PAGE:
We're suckers for athletes who play with a lot of heart. In Erik Compton's case, make that plural: hearts.

He'll tee off this week at the Masters on his third.

The 35-year-old veteran would rather be known for his golf than what he's had to overcome to earn a spot in the field. But Compton isn't shy about sharing his story, either.

A first heart transplant at 12, then a second in 2008 after a major heart attack — what doctors call a "widow-maker" — while driving home from a lesson with longtime coach and close pal Charlie DeLucca. He's been trying make up for lost time ever since.

"It's hard, but it's also a great thing," Compton said Monday after a practice round at Augusta National. "There's two sides to me. I'm a competitor and a sports person, and I'm also the recipient of two transplants, and I know what that involves. So when you put them together, it does make a little bit of spaghetti in my mind sometimes you know," he added a moment later, "I'll take it."

It's not like Compton had a choice. He recovered from his childhood setback to become the No. 1-ranked junior in the United States at 18, then a two-time All-American at Georgia. But he's spent most of the intervening years battling on minor league circuits, then becoming an advocate and spokesman for Donate Life, an alliance for national and local groups raising awareness about organ and tissue donation.

In a nice bit of serendipity, his first appearance in the Masters coincides with Donate Life Month. But it's already a full-time campaign for Compton — he's been displaying the organization's logo on his shirt sleeve for a while. All of those efforts paid big dividends last year, when he carved out a spot on the PGA Tour and nearly stole the show at the U.S. Open.

His runner-up finish at Pinehurst nudged Compton and his story into the spotlight — and earned him an invitation to Augusta. It was something he'd longed to do since watching the tournament on TV as a kid.

"For me, it was a bit difficult to watch so many years and think, I'm never going to play in the Masters, just because of other issues that I've had. But yet, I just love to watch the Masters. So it's going to be weird," he said to laughter, "not watching the Masters this year."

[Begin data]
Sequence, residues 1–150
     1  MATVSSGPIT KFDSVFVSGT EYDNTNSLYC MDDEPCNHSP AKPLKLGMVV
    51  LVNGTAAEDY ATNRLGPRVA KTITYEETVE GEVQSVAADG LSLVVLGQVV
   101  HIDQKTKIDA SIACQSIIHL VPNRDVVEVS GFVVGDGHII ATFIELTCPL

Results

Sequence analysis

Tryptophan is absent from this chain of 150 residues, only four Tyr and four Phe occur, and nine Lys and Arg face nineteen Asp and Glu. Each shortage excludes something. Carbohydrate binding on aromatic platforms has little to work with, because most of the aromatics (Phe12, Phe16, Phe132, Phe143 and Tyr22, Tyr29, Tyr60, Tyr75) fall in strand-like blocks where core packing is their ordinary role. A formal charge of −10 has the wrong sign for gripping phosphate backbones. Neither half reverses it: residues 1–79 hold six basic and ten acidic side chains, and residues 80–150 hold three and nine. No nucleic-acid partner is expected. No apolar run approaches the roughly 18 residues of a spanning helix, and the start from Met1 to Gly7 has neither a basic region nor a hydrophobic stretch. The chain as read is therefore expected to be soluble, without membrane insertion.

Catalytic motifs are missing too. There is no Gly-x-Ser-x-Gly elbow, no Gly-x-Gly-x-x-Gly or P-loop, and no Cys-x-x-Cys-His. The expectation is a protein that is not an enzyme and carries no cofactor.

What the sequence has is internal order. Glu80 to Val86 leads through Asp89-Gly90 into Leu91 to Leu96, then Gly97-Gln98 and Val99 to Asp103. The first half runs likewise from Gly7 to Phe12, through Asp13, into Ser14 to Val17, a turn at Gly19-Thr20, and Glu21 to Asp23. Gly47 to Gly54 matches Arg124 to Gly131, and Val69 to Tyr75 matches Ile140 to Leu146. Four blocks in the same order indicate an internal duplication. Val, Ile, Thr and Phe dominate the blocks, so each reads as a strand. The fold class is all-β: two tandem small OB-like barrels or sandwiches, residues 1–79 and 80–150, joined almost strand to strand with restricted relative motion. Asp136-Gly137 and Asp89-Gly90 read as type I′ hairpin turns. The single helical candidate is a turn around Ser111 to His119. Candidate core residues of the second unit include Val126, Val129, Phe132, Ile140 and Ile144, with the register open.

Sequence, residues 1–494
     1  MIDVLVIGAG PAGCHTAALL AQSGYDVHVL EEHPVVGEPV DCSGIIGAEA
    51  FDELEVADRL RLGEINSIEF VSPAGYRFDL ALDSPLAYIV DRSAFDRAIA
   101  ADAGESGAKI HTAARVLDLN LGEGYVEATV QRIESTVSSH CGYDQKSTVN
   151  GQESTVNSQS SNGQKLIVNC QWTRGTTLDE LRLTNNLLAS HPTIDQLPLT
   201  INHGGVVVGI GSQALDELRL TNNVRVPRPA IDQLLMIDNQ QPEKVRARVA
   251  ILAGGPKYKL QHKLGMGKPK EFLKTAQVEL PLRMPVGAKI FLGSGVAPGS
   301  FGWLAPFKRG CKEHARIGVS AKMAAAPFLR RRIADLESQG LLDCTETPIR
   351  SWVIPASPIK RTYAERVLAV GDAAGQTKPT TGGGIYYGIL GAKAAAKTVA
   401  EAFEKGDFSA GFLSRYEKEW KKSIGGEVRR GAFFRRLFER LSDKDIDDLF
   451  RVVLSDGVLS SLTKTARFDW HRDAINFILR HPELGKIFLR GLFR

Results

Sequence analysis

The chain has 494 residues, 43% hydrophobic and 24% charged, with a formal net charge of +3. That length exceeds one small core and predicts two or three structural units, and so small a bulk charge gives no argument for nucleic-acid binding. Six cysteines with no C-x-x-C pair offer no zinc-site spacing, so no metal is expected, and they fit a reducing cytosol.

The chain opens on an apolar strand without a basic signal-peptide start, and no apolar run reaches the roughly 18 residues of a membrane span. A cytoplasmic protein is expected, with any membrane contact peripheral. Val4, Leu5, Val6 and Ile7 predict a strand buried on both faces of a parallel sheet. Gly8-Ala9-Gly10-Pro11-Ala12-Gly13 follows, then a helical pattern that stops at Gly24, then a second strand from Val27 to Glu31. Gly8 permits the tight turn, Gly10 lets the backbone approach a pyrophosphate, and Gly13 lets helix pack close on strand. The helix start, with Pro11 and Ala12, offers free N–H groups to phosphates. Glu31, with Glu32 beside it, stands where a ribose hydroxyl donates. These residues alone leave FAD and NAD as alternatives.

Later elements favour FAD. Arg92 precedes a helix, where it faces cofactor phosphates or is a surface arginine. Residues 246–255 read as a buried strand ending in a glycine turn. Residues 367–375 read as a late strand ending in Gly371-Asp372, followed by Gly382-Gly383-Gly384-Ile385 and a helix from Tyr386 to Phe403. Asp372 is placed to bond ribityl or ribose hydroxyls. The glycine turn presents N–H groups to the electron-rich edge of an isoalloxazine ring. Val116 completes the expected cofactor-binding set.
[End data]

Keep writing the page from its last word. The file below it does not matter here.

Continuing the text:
Compton's wife, Barbara, and parents Peter and Eli won't be tuning in this year, either, making the drive up from Florida to watch Erik play in person. It's a well-deserved reward to be sure, since all of them had a hand in the push-pull climb toward the top of the golf hill.

After walking most his son's practice round, Peter Compton recalled how motivated Erik was, no matter how tough things seemed. Six months after Hurricane Andrew hit the Miami area in 1992, forcing the family out of their home and into temporary housing alongside a golf course near Doral, he took his son to play a few holes.

"We were in a cart and back then, he liked driving more than playing," Peter recalled. "But every time we'd leave the tee, he'd drive to his ball, and he was already hitting it 225 (yards) or so. So finally, about the third time it happened, I had to remind him, 'Hey, stop here. Let me play MY tee shots!'

"He started playing junior tournaments in the area after that and a lot of the fathers would come up and tell me what a terrific story it was," Peter said. "But it wasn't long after that Erik started winning those tournaments. ... He could have sat back, said he'd been dealt a bad hand and did nothing. So I think that's what we're most proud of — he refused to give up."

Compton tries to strike a delicate balance between those accomplishments and his aspirations. After a promising 2014 campaign on the big tour, his breakthrough performance at Pinehurst — only the second major he qualified to play. But Compton struggled this year, opening the 2015 season with a tie for 10th. He then wrestled with his driver and missed the cut in his next five tournaments.

At the moment, most of his energy and focus are devoted to keeping the ball in play

"I'm here in the press room at the Masters, and that's a great thing," he said. "But I don't look at myself as somebody who is a role model ... I look at myself as a golfer who has used golf as a means to maybe put some of the tough stuff that's happened to me in the past. Golf's been very therapeutic for me over the years.

"As I'm sitting here today," Compton concluded, "I view myself as somebody who is going to try to do the best he can to compete in the Masters."